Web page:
9/11, Hurricane Sandy, and a Weeping Willow Tree

Trees are extremely precious commodities in Manhattan, and it makes me sad whenever I see one come down. I was extra saddened this morning on the FDR Drive when I noticed a favorite weeping willow tree partially toppled by Hurricane Sandy. I didn’t have my camera so I picked it up from my office and got back on the highway to take the shots posted above.

This was a meaningful tree, as it stands adjacent to Memorial Park – the sacred place that holds unidentified human remains from the 9/11 terrorist attack. Memorial Park is the name for the white tent built as a temporary morgue that originally contained refrigerated trailers. It has since been renovated into a shrine with a chapel where victims’ relatives can come privately to mourn. It’s a quiet location not open to the public, much different from the tourist-choked site of the original Twin Towers.

Memorial Park is between 29th and 30th Streets near Bellevue Hospital, and maintained by the Medical Examiner’s office. Using DNA technology, the office identified 59% of the 2,753 people reported missing in the WTC terrorist attack. The remains may eventually be transferred downtown to the Ground Zero Memorial, but this is a subject of controversy.

Every time I came down the FDR I had a brief moment to watch the graceful motion of the branches and leaves. The contrast between this tiny speck of green against the surging concrete metropolis beyond was astounding. The weeping willow was appropriate for this site with its poetic association with sadness, grief, death and rebirth.

There aren’t many weeping willows in Manhattan. It’s certainly not in the top ten tree species published by the NYC Department of Parks & Recreation. The location of this one just steps from the East River was consistent with its affinity for water. According the guidebook entitled New York City Trees there are a few in Central Park around the lakes and reservoirs.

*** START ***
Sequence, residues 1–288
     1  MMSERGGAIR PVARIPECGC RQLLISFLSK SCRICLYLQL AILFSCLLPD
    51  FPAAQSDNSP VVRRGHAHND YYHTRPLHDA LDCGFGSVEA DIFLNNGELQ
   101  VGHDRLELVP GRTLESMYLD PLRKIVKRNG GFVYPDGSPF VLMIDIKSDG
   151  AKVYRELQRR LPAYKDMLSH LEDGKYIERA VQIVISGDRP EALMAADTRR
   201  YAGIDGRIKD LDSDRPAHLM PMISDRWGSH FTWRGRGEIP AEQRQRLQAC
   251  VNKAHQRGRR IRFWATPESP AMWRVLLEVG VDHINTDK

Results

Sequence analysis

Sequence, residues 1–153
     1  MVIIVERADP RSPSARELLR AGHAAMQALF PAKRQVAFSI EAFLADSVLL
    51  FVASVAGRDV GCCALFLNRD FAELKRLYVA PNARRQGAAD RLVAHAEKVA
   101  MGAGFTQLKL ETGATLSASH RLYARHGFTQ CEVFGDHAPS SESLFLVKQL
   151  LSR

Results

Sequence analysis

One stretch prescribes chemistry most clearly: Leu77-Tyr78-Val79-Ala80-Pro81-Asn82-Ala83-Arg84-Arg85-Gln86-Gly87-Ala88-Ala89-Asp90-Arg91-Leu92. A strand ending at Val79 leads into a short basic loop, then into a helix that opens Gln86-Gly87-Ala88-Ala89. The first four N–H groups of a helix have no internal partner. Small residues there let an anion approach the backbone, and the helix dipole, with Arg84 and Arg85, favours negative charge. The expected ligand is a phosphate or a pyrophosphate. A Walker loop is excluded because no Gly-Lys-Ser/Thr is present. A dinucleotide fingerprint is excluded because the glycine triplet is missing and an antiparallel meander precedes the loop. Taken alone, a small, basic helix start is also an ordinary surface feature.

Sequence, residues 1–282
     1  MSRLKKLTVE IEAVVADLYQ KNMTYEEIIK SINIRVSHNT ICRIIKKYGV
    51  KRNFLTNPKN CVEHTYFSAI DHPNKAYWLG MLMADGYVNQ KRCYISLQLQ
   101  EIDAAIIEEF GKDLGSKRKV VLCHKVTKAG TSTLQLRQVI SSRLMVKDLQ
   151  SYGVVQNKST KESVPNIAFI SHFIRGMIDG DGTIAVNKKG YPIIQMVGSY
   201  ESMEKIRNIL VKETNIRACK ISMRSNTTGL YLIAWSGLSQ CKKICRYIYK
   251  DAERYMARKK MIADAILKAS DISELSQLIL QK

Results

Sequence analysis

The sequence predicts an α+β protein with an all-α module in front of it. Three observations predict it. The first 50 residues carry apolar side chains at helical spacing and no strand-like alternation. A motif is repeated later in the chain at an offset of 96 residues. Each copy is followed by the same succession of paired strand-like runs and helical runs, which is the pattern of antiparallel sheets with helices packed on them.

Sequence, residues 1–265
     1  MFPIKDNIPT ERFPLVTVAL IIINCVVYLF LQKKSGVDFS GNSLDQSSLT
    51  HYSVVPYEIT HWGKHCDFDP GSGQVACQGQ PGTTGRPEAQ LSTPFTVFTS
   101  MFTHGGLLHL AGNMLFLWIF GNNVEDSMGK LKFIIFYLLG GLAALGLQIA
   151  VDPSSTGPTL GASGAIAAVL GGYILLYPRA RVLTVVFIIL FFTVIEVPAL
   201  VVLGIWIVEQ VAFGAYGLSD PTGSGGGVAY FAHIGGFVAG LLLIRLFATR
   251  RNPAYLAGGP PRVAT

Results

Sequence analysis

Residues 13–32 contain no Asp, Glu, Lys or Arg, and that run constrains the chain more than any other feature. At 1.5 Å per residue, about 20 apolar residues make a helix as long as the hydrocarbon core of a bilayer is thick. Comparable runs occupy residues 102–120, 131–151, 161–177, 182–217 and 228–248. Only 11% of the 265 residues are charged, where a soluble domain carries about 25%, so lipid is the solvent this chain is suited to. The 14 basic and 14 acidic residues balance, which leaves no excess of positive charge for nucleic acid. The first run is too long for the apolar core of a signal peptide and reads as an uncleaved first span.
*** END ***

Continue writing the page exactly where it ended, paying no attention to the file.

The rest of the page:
I am sorry that this tree is toppled. It’s a small reminder of our mortality in the face of disasters – both natural and man-made. Perhaps somewhere on the grounds of the adjacent NYU Medical Center they can find someone who can save it.

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Related posts:

Manhattan After the Hurricane
A Glimpse of Manhattan After 9/11

City Rhythms

For a New York Times article used as a reference for this post click here.

For more info on Memorial Park click here.

 

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Dr. Jeffrey M. Levine has authored numerous articles on topics related to healthcare of the elderly. These include medical history, prevention and treatment of chronic wounds such as pressure ulcers, elder neglect and abuse, and physical restraints. He has also edited a book on legal and regulatory aspects of nursing homes.